: An active node searches “smartly” at each round, by avoiding nodes that havebeen queried before either by itself or by other nodes. This demands the knowledge of theidentities of all queried nodes, and has a larger overhead compared to the blind search case.We do not deﬁne the exact algorithm by which the identities of all queried nodes are madeknown to an active node. We only assume that this knowledge can be obtained at a costthat is small compared to the cost of searching, and use this case mainly as a reference forthe eﬃciency of the blind search algorithm. It is evident that smart search corresponds tothe fastest version of the algorithm. Although it can be hard and costly to implement, therecan exist schemes that can approximate its performance. For example, a low-cost algorithmthat could approximate smart search can be based on the routine that, at each peer-to-peercommunication, nodes exchange the lists of peers they have queried.3
3 Approximate blind search model with cooperative or non-cooperative nodes
Each node that receives a search query will cooperate to forward the query with probability
c
(0
≤
c
≤
1). If several active nodes query the same node, the latter node decides whether to becooperative or not by a single Bernoulli trial. We do not consider that the node performs severalindependent trials, one for each query.We consider a sequence of steps (or rounds)
r
= 1
,
2
,...
until the ﬁle is found. If at step
r
thereare ˆ
A
(
r
) active nodes then, provided the ﬁle is not yet found, the probability of ﬁnding it at the
r
th step,
S
(
r
), is:
S
(
r
) = 1
−
(1
−
p
s
)
ˆ
A
(
r
)
,
(1)where
p
s
is the probability that a single search (consisting of
k
diﬀerent random queries) succeeds.To ﬁnd
p
s
, notice that the problem is equivalent to the one where, in a set of
N
−
1 nodes, thereare
m
marked nodes and we randomly select a group of
k
nodes. We want to ﬁnd the probabilitythat at least one marked node is selected. The probability that our selection returns exactly
u
marked nodes (
u
≤
min(
m,k
)) is
p
u
=
mu
N
−
1
−
mk
−
u
N
−
1
k
.
Indeed, the marked nodes can be chosen in
mu
diﬀerent ways, the unmarked ones in
N
−
1
−
mk
−
u
ways, and the total number of ways to select
k
nodes is
N
−
1
k
. Further,
p
s
= 1
−
p
0
, therefore
p
s
= 1
−
N
−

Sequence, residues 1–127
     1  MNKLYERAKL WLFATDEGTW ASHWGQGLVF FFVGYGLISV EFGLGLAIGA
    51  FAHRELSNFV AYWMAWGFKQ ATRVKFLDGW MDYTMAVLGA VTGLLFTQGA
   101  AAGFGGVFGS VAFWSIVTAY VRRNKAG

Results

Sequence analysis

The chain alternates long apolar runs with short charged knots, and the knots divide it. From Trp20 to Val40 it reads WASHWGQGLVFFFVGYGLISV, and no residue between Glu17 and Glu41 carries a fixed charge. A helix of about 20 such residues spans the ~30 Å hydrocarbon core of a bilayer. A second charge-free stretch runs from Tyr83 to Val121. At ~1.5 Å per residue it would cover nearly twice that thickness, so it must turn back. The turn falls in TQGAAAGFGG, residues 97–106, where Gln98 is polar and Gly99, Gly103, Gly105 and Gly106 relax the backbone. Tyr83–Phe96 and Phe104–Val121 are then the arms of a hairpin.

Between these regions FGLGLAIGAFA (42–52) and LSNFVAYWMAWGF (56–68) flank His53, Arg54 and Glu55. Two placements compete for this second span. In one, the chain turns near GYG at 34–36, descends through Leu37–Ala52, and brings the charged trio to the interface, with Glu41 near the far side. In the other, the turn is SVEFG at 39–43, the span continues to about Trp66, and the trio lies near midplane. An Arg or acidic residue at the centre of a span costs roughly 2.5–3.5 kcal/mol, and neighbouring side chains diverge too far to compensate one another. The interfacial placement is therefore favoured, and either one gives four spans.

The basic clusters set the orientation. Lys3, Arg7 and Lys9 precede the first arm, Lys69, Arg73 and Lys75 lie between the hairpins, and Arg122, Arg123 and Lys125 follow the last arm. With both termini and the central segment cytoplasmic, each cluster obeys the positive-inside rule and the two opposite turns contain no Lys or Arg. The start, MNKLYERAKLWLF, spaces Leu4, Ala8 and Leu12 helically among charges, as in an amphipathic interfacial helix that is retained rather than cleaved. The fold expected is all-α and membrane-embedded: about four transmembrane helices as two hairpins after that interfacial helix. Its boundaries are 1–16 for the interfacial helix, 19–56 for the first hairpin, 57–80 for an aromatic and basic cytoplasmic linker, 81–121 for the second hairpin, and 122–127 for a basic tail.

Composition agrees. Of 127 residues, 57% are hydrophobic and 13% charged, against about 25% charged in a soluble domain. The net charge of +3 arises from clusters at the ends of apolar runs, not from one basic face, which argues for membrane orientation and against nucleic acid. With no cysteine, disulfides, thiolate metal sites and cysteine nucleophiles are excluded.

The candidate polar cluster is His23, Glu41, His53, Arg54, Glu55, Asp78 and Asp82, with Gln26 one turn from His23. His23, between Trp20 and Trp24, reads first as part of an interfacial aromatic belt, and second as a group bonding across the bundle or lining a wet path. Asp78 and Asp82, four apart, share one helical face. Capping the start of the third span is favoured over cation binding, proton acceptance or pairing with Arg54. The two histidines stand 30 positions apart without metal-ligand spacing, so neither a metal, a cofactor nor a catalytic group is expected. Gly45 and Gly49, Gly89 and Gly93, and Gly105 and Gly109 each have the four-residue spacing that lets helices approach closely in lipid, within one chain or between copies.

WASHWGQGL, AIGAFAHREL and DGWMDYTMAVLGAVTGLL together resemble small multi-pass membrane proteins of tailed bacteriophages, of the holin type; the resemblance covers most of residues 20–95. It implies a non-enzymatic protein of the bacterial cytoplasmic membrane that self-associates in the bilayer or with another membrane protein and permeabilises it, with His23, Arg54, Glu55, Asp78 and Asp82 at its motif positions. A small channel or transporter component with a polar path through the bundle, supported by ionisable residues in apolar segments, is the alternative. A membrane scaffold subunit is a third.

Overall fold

1
−
mk
N
−
1
k
.
(2)The probability of ﬁnding the ﬁle
f
at the
r
th step is,
p
(
r
) =
S
(
r
)
r
−
1
i
=1
(1
−
S
(
i
))
.
(3)This formula is an approximation because it implicitly assumes that each round is independent of the other.A deterministic approximation ˆ
A
(
r
) for the number of active nodes in each round can be foundusing the method presented in [6], which is extended to
k
neighbours that are cooperative withprobability
c
. Consider the process
{
I
(
r
)
, r
≥
1
}
of the number of inactive nodes in each round.Given that at round
r
there are
i
(
r
) inactive nodes and
A
(
r
) active ones, the mean number of inactive nodes at round
r
+ 1 will be
E
[
I
(
r
+ 1)] =
i
(
r
)
1
−
kN
−
1
A
(
r
)
+
1
−
1
−
kN
−
1
A
(
r
)
(1
−
c
)
=
i
(
r
)
(1
−
c
) +
c
1
−
kN
−
1
A
(
r
)
.
4
For ﬁxed
k
and large
N
, we use a second order expansion of (1
−
kN
−
1
)
A
(
r
)
, so that (1
−
kN
−
1
)
A
(
r
)
≈
e
−
A
(
r
)(
kN
−
1
+
k
22(
N
−
1)2
)
, and
E
[
I
(
r
+ 1)] =
i
(
r
)
(1
−
c
) +
ce
−
A
(
r
)(
kN
−
1
+
k
22(
N
−
1)2
)
.
From this, by assuming
I
(
r
) =
i
(
r
)
∀
r
, we derive the deterministic approximation
I
(
r
+ 1) =
I
(
r
)
(1
−
c
) +
ce
−
A
(
r
)(
kN
−
1
+
k
22(
N
−
1)2
)
.
(4)Using that
A
(
r
) =
N
−
I
(
r
), we ﬁnally obtain the recursion:
A
(
r
+ 1) =
Nc
+
A
(
r
)(1
−
c
)
−
(
N
−
A
(
r
))
ce
−
A
(
r
)(
kN
−
1
+
k
22(
N
−
1)2
)
,
(5)with
A
(1) = 1. Since
A
(
r
) is not an integer in general, we round it to the nearest integer, whichwe denote by ˆ
A
(
r
) = [
A
(
r
)].Following a similar approach as in [6], it can be shown that the distribution of
I
(
r
+ 1), given
i
(
r
) is indeed concentrated sharply around
i
(
r
)[(1
−
c
) +
c
exp(
−
A
(
r
)(
kN
−
1
+
k
2
2(
N
−
1)
2
))], and thatthe approximation becomes more accurate as
k/N
→
0.From (3), we have constructed an approximate distribution for the number of steps until theﬁle is found. We can then derive the mean number of steps until the ﬁle is found and the meannumber of nodes
A
involved in the search (activated nodes):
E
[
r
] =
∞
r
=1
rp
(
r
)
,
(6)
E
[
A
] =
∞
r
=1
ˆ
A
(
r
+ 1)
p
(
r
)
.
(7)(Notice that ˆ
A
(
r
+ 1) nodes will be activated approximately at round
r
.)For numerical calculations, as an upper bound on the support of
r
we take
r
max
= min
{
r
:
r
−
1
i
=1
(1
−
S
(
i
))
< ǫ
}
,
(8)where
ǫ
is a number close to zero.
Remark
1
.
In [8], we have derived an exact model for a slightly diﬀerent version of the blind searchalgorithm. Generally, the exact approach for modeling the search algorithm requires the calculationof the
N
×
N
transition matrix
Q
[
ij
]
, where the (
i,j
)-th value is the probability of going from
i
to
j
active nodes in one round. Then
Q
r
(1
,i
) denotes the probability that there are
i
active nodes in
r
rounds.The probability of ﬁnding the ﬁle in
r
rounds, denoted here by
B
(
r
), can be calculated as
B
(
r
) =
N
i
=1
1
−
N
−
im
N
−
1
m
Q
r
(1
,i
)
.
(9)5